I must admit that various forms of unpleasant social behavior in China have greatly improved in the past ten years. But a queue in China is usually a non-thing, the very concept not existing in the general Chinese consciousness where every opportunity to get what you want before everyone else is taken advantage of by blithely barging ahead of all and sundry. Only the other day I had listened to British author Blake Morrison telling about how his father was a notorious queue-jumper and how it made his family cringe with embarrassment. I jumped the queue myself to get him to sign his book for me.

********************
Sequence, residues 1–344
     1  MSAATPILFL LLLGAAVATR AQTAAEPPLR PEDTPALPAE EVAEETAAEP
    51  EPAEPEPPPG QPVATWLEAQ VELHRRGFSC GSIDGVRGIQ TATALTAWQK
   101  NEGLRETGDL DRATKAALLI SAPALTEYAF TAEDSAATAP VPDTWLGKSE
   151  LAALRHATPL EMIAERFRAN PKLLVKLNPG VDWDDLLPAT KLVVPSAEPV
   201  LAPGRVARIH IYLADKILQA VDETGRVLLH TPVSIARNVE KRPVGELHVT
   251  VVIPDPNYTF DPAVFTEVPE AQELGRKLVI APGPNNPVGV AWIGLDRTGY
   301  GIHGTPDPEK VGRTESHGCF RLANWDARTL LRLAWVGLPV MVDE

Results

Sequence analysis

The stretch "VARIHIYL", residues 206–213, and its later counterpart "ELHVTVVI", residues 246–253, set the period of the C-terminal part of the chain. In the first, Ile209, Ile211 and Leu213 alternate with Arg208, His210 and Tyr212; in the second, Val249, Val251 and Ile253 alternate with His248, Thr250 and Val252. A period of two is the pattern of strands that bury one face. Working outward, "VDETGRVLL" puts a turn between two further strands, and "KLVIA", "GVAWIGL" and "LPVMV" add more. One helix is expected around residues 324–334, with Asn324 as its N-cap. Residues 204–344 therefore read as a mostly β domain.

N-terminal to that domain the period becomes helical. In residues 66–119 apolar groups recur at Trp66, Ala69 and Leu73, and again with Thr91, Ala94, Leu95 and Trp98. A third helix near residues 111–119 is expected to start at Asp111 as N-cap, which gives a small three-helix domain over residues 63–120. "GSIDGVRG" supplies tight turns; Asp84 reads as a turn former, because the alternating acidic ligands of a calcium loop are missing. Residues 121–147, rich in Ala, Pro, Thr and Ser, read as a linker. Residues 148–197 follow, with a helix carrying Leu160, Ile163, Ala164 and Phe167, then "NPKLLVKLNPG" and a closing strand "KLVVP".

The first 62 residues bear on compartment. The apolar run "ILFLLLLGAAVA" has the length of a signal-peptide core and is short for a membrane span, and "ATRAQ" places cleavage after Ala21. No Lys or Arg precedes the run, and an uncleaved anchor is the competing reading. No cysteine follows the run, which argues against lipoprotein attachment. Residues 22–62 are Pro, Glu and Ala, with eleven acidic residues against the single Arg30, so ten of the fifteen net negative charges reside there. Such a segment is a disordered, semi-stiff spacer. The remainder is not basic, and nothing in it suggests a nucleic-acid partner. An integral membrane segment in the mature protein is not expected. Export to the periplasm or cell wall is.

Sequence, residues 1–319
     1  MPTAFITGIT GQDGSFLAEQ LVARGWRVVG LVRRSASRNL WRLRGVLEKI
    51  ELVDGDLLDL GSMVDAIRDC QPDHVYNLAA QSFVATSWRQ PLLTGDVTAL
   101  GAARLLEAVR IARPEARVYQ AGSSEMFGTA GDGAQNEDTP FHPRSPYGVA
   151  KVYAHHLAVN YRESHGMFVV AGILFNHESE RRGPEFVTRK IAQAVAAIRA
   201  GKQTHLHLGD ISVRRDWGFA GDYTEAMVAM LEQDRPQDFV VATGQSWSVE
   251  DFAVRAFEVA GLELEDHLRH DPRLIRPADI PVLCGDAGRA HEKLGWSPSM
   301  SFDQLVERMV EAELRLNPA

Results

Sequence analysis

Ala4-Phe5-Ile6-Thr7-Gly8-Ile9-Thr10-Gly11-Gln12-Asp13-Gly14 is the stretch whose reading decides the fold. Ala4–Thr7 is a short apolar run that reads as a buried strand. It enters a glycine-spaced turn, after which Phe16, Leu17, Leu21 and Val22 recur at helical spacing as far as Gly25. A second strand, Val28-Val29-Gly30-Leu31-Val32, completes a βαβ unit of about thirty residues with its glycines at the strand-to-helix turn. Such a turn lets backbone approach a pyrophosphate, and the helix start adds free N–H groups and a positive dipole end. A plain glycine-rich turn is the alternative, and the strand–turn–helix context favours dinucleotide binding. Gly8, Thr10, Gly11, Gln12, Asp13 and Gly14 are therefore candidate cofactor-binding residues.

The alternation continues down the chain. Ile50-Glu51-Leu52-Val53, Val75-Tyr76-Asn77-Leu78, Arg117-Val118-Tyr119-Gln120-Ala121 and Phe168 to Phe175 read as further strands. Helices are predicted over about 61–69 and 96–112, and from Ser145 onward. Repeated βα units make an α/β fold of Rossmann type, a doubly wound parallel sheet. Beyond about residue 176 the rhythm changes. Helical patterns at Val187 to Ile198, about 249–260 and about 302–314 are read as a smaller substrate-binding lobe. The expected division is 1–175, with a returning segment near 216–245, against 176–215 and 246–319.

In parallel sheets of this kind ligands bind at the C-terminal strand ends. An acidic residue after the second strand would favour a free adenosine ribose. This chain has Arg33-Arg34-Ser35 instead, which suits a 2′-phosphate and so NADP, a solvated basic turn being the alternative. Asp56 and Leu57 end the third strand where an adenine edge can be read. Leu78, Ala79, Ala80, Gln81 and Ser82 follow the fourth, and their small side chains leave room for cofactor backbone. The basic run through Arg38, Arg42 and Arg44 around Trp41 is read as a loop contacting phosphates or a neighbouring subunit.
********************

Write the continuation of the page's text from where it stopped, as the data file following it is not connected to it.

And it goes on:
San Sheng Hua Xiang, Chengdu, Sichuan 090318 ©Ingrid Booz Morejohn
I witnessed the most incredible thing today: a Chinese queue - an actual real life neat and tidy line of people waiting to get on the bus. In over twenty years of China-watching I have not seen this orderly a queue more than a couple of times, usually in front of the Memorial Hall for Mao Zedong on Tiananmen Square in Beijing where people wait patiently to file past the Chairman's body. Just like in Beijing these people were kept in check by a man with a stick and a loud voice (the men in Beijing use bull horns). My companions and I were so flabbergasted that all three of us stood and photographed the event.